Thursday, June 23, 2016

Voting Leave

It's a bright and sunny June day and British voters are determining our future in Europe. For all but the first two years of my life, the United Kingdom has been a part of the European community and there is no question that a decision to leave will fundamentally alter the way in which our affairs, domestic and foreign, are conducted.

While the Leave and Remain camps have both striven to prove the economic benefits of their stance, the truth is that neither side really knows what the final outcome of leaving the EU will be. If the European Union is not the Leviathan that some believe, neither is it the harbinger of an ever more harmonious Europe. Since the end of the Cold War, as continental Europe has sought to promote a more perfect union (to use the phraseology of our American cousins), it has become increasingly insular in its ability both to look beyond its borders and to handle political crises on the periphery. What began with the tragedy of the Yugoslavian civil war has come full circle with the Syrian refugee crisis.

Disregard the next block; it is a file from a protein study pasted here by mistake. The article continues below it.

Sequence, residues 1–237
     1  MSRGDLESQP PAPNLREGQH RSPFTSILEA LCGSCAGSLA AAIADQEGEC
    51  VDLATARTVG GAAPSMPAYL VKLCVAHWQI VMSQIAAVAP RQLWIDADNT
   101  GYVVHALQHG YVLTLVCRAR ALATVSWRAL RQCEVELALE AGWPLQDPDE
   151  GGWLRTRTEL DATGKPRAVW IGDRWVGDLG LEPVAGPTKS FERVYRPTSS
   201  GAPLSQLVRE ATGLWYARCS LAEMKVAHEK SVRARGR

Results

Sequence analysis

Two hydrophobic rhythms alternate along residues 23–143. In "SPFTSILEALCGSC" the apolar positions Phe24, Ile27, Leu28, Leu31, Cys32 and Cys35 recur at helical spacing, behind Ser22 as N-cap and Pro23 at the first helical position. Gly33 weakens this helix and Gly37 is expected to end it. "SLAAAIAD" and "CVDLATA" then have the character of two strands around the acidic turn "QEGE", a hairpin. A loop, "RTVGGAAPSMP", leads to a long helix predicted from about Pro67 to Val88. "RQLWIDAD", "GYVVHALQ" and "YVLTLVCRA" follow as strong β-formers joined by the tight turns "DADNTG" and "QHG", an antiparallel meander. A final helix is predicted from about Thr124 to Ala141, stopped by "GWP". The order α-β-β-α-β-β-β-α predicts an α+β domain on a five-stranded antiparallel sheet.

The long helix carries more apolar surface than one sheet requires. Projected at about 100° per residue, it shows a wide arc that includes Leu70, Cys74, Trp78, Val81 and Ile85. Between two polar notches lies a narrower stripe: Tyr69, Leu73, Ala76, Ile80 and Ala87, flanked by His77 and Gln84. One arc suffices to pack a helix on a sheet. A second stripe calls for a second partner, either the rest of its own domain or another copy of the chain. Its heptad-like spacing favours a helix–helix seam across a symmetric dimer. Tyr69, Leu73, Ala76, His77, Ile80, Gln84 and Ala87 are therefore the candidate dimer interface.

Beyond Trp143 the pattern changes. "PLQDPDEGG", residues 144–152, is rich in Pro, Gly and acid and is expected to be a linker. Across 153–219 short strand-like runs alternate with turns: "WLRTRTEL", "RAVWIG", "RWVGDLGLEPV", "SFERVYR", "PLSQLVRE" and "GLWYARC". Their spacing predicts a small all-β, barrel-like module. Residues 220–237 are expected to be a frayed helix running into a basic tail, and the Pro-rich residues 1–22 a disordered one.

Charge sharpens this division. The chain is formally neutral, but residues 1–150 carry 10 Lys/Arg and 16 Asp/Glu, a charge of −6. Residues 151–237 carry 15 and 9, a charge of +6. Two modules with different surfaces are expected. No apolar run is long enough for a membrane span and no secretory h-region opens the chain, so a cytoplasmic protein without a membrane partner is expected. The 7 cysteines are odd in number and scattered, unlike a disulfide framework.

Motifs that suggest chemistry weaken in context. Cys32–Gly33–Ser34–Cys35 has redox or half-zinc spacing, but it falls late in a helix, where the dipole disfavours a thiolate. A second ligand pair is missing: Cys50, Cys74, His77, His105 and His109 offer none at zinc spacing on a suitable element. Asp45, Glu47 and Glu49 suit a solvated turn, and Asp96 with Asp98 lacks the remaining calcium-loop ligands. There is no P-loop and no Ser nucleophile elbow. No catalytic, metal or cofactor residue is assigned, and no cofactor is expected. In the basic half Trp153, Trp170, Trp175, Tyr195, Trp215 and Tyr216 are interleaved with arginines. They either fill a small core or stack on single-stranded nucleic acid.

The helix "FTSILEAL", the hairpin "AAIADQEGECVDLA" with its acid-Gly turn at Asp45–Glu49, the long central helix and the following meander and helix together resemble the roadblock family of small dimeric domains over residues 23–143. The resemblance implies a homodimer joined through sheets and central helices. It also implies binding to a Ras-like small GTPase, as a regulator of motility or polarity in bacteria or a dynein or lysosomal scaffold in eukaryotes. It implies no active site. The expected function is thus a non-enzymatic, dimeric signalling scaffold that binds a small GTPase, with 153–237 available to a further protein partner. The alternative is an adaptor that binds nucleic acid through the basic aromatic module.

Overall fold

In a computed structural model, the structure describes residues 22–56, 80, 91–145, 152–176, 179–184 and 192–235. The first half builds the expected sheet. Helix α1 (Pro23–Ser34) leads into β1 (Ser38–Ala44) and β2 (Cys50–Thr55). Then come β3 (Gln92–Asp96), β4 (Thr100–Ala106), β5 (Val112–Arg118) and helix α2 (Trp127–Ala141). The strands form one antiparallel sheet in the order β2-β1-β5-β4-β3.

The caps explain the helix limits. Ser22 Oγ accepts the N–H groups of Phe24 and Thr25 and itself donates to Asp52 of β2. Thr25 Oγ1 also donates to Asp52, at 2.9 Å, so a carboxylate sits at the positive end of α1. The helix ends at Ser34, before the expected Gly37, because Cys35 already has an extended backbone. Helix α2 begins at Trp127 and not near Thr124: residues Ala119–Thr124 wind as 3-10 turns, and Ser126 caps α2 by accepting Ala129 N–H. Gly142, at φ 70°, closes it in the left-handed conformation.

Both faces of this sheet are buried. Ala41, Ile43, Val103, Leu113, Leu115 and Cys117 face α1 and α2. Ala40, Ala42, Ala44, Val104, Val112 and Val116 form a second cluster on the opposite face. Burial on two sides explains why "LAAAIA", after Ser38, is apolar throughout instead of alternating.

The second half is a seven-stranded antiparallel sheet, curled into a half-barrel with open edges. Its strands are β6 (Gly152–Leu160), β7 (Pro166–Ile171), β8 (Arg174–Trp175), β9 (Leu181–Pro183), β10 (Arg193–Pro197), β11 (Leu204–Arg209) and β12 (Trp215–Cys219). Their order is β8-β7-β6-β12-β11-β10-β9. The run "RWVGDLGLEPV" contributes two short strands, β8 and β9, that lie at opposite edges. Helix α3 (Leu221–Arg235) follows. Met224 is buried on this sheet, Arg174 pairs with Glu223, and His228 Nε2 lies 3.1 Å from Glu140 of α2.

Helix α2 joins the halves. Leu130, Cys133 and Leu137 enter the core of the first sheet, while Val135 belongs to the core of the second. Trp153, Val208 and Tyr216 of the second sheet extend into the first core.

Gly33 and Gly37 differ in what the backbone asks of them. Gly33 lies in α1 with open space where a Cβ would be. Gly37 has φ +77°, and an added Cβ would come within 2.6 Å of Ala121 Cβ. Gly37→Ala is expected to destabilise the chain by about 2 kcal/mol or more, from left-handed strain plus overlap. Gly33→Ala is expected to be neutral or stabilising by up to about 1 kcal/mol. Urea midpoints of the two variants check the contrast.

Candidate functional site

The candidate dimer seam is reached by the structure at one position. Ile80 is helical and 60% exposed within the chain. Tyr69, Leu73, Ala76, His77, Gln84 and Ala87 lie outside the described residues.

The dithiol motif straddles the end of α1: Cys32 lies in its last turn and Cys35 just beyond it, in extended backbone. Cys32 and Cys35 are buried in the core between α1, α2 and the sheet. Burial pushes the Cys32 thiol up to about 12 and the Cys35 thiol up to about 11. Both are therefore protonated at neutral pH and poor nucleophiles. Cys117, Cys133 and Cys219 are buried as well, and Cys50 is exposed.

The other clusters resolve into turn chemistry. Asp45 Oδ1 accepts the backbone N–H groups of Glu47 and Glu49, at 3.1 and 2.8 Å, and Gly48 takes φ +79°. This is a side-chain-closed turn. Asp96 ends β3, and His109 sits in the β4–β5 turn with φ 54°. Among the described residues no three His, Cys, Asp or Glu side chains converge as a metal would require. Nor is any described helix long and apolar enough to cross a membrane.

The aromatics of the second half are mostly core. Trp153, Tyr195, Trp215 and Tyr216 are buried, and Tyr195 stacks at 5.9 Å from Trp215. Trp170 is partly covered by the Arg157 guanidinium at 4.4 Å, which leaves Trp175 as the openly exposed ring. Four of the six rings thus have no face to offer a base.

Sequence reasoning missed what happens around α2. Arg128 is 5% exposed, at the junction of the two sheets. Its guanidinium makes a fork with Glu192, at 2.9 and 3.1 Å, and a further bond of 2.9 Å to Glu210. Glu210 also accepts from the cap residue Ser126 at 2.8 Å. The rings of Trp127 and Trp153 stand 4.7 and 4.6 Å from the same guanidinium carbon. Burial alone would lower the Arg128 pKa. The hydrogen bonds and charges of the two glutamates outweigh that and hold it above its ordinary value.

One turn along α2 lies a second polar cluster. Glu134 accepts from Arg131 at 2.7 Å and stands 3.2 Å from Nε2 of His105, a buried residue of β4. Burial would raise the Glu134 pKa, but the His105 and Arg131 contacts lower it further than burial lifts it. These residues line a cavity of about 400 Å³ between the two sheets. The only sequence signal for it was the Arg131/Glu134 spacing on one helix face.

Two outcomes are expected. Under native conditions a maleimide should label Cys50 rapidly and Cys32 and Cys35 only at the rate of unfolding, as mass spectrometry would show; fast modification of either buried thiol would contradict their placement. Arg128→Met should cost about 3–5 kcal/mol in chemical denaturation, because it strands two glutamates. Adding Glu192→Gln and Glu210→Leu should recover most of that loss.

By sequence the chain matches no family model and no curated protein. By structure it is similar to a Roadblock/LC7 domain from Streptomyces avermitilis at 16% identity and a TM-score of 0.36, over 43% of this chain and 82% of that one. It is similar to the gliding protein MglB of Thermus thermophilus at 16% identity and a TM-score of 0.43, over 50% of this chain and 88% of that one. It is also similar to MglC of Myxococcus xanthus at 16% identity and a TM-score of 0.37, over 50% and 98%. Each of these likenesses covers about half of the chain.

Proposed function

Despite the populist backlash that has enveloped France, Germany and Eastern Europe, the enthusiasm for greater federalism in both Brussels and Strasbourg seems unabated. The only action that may engender greater realism at the political centre is for a nation state of significant economic weight to take the decision to withdraw. My vote to leave the European Union is thus predicated neither on the purported economic benefits nor on the supposed ability to control our borders (my wife and I still had our passports checked while entering France by train two weeks ago), but on the faint hope that it will concentrate the minds of those who set the policies of the EU. There are no guarantees, of course.

Italy, the Austrian statesman Clemens von Metternich once famously remarked, is a geographical expression and "Europe" is no less. The drive to shoehorn European nation states into a "United States of Europe," often in despite of the wishes of ordinary electors, has done more to promote the revival of the less attractive forms of nationalism than the rabble-rousing of the Far-Right.

And so . . . I vote Leave.

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